Image
© Youssouf Bah/Associated Press
Health workers teach people about the Ebola virus and how to prevent infection in Conakry, Guinea, in March.
A Canadian man returning from Liberia recently alarmed health officials with fears that he might have the Ebola virus. Although in good health when he traveled, the man was admitted to the intensive-care unit in Saskatchewan with classic symptoms of the disease.

That health scare, and others in recent weeks, were a wake-up call to those who saw the outbreaks as an "African problem." They remind us that people - and their infections - are not bound by borders. To those who claim we can't afford foreign aid, I respond that we can't afford to think of health threats as "foreign" and "domestic."

Ebola is a deadly viral infection that many people first learned about through novels like "The Hot Zone" and the film "Contagion," which featured the specter of a deadly uncontrollable outbreak wreaking global havoc.

As a physician from Nigeria now researching infectious diseases at the University of Michigan, I'm not surprised by the Canadian scare - which turned out to be a false alarm. If anything, I'm surprised it didn't happen sooner.

Ebola is spread when people come in direct contact with blood or secretions from an infected person, or when they are exposed to contaminated objects, such as needles. This means patients should be treated in isolation. Ebola victims suffer skin rash, fever and internal bleeding. The World Health Organization reports that Ebola outbreaks have a fatality rate of up to 90%.

Today, we live in a connected world ripe for an Ebola pandemic. The infected may appear healthy for up to three weeks while transmitting it to unsuspecting people. In this age of high-speed travel, that person could tour the world three times over - all while unknowingly spreading the disease.

We've seen it before. In 2002, the deadly flu-like illness known as SARS broke out in China. Within a year, it killed nearly 800 people, including at least eight in the United States. The U.S. fared even worse during the H1N1 swine flu pandemic of 2009. Of the nearly half a million deaths, nearly 12,500 were American.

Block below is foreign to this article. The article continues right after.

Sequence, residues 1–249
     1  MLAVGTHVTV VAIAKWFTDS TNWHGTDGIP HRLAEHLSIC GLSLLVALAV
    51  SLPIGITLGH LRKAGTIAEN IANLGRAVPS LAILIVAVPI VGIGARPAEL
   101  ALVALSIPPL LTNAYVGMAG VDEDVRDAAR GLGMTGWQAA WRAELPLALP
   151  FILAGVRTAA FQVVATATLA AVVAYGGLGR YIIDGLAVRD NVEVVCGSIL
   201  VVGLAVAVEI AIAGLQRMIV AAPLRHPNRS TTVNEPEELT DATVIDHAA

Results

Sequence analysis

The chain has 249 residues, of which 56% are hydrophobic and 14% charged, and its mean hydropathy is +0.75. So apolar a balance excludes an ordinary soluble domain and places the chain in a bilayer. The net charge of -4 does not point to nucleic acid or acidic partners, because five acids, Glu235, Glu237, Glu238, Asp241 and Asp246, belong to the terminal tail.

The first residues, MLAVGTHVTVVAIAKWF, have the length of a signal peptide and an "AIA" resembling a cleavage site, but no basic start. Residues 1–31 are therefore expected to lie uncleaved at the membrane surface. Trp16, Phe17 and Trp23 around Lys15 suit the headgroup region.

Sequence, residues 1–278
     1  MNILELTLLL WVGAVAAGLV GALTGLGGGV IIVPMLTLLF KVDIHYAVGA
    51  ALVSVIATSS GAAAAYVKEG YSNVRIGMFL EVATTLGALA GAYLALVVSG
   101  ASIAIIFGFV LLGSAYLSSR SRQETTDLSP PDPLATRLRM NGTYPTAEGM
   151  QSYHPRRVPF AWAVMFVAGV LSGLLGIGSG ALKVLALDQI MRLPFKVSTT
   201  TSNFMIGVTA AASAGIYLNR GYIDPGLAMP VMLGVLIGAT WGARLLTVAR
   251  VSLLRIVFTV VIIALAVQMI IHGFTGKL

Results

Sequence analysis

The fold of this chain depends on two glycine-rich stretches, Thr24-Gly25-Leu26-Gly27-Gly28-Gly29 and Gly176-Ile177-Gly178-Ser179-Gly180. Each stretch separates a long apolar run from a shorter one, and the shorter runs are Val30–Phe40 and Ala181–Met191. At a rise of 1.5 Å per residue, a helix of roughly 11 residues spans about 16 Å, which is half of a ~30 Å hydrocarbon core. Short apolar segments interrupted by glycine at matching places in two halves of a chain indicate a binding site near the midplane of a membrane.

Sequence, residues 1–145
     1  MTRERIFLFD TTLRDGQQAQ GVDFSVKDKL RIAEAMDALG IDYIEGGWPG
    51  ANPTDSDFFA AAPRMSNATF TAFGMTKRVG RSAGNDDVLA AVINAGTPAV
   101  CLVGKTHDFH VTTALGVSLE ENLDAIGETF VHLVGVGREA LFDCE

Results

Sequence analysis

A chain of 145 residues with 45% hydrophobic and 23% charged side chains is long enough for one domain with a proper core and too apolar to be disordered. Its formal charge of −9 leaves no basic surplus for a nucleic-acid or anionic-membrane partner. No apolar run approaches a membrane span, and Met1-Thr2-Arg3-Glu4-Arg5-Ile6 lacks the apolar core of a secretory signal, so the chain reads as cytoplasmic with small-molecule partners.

The death toll in the west African Ebola outbreak has risen to 142, and experts say it's a uniquely challenging outbreak.

We still do not have effective drugs or a vaccine to fight Ebola. There is simply not much incentive for pharmaceutical companies to invest in medical solutions when there is little chance of a financial return.

Where there is little private sector input, foreign aid can help. Unfortunately, many in the global north believe that foreign aid is not a good investment. A recent Kaiser Family Foundation survey showed that 61% of Americans thought that too much is being spent on foreign aid (incidentally, most people significantly over-estimate how much aid is given).

But there is nothing "foreign" about foreign aid. When it comes to infectious diseases, aid can be about self-protection, not altruism.

Take small pox. Once a global threat, smallpox was eradicated by "foreign aid," which supported the development of the first universally successful vaccine. With the same resolve, we can put an end to malaria, tuberculosis, HIV and even Ebola.

By investing in research for early diagnosis, treatment and vaccines for "African" diseases such as Ebola, we can make the type of progress that we have made with heart disease, diabetes and cancer. After all, we are more connected than we realize.